It is simply not acceptable in a comparatively rich democratic country to run unsafe prisons that do not provide decent conditions. This is not simply a moral issue, but a legal one too; to comply with the Health and Safety at Work Act, which creates legal duties to both staff and prisoners.
In short, running prisons unsafely is a crime and one to which the Health and Safety Commission ought to give more attention.
The government has said that it is taking steps to tackle drugs, drones, phones and gangs in prisons and that its target of recruiting 2,500 additional prison officers has been met seven months early.
But, in an open letter, Steve Gillan, general secretary of the Prison Officers Association, said the latest safety in custody figures were ‘nothing short of a scandal’.
‘Ministers and employers must take responsibility instead of burying their heads in the sand and pretending a recruitment campaign is going to resolve this clear crisis that has been created by poor policy decisions,’ he added. ‘There can be no denial that safety has deteriorated since cuts were made in 2010.’
Answering a question on prison officer safety in the House of Commons last week, Prisons Minister Rory Stewart revealed that, between April and December last year, prison officers were taken to hospital following an assault more than 700 times.
‘We are taking urgent action to make prisons safer and assaults on our hard-working staff will never be tolerated,’ Stewart said. ‘We are ensuring that prison officers have the tools they need to do their jobs by rolling out body-worn cameras, ‘police-style’ handcuffs and restraints, and trialling PAVA incapacitant spray.’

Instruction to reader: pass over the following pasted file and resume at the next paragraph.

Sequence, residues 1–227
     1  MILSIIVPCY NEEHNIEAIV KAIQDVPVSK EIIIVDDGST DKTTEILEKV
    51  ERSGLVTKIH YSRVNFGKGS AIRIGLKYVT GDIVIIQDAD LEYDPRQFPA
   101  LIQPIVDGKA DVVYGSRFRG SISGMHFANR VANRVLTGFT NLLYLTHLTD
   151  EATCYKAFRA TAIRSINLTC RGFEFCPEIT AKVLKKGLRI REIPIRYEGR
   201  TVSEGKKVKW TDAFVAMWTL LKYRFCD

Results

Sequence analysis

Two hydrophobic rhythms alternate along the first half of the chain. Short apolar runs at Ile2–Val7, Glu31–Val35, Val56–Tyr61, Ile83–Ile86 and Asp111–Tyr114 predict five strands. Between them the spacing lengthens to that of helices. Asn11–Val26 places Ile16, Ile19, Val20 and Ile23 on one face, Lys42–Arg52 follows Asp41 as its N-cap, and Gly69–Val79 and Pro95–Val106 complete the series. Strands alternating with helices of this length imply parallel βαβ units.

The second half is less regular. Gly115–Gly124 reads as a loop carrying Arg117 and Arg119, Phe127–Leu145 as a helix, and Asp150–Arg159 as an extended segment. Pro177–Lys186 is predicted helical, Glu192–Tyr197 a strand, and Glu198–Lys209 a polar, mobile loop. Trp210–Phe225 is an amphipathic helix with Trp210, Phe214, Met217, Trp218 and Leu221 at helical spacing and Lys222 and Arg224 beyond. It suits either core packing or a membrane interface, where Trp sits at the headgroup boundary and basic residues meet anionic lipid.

The Government is also doubling the maximum sentence for assaulting a prison officer from six to 12 months. ‘It is 100% in the public interest to prosecute prisoners who assault prison officers,’ the Prisons Minister said in a recent parliamentary debate on prison officers.
‘If they are not prosecuted, the authority of the state is undermined; it becomes almost impossible for prison officers to run a decent and human regime, very difficult for people to be unlocked from their cells and difficult to move people into education and purposeful activity. We owe that to prison officers, but we also owe it to the public as a whole to have safe, clean and decent prisons.”
As well as assaults, concerns have again been raised in recent weeks about the effects of the psychoactive drug Spice – used widely by inmates in prisons – on the health of prison officers.
Last month, the NHS withdrew nurses from HMP Holme House due to the adverse health effects of inadvertently inhaling Spice being experienced by its staff. One MP has even called for prison officers to be given gas marks to help combat the problem.
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This article first appeared on Byline.com here and was published on the Justice Gap on May 15, 2018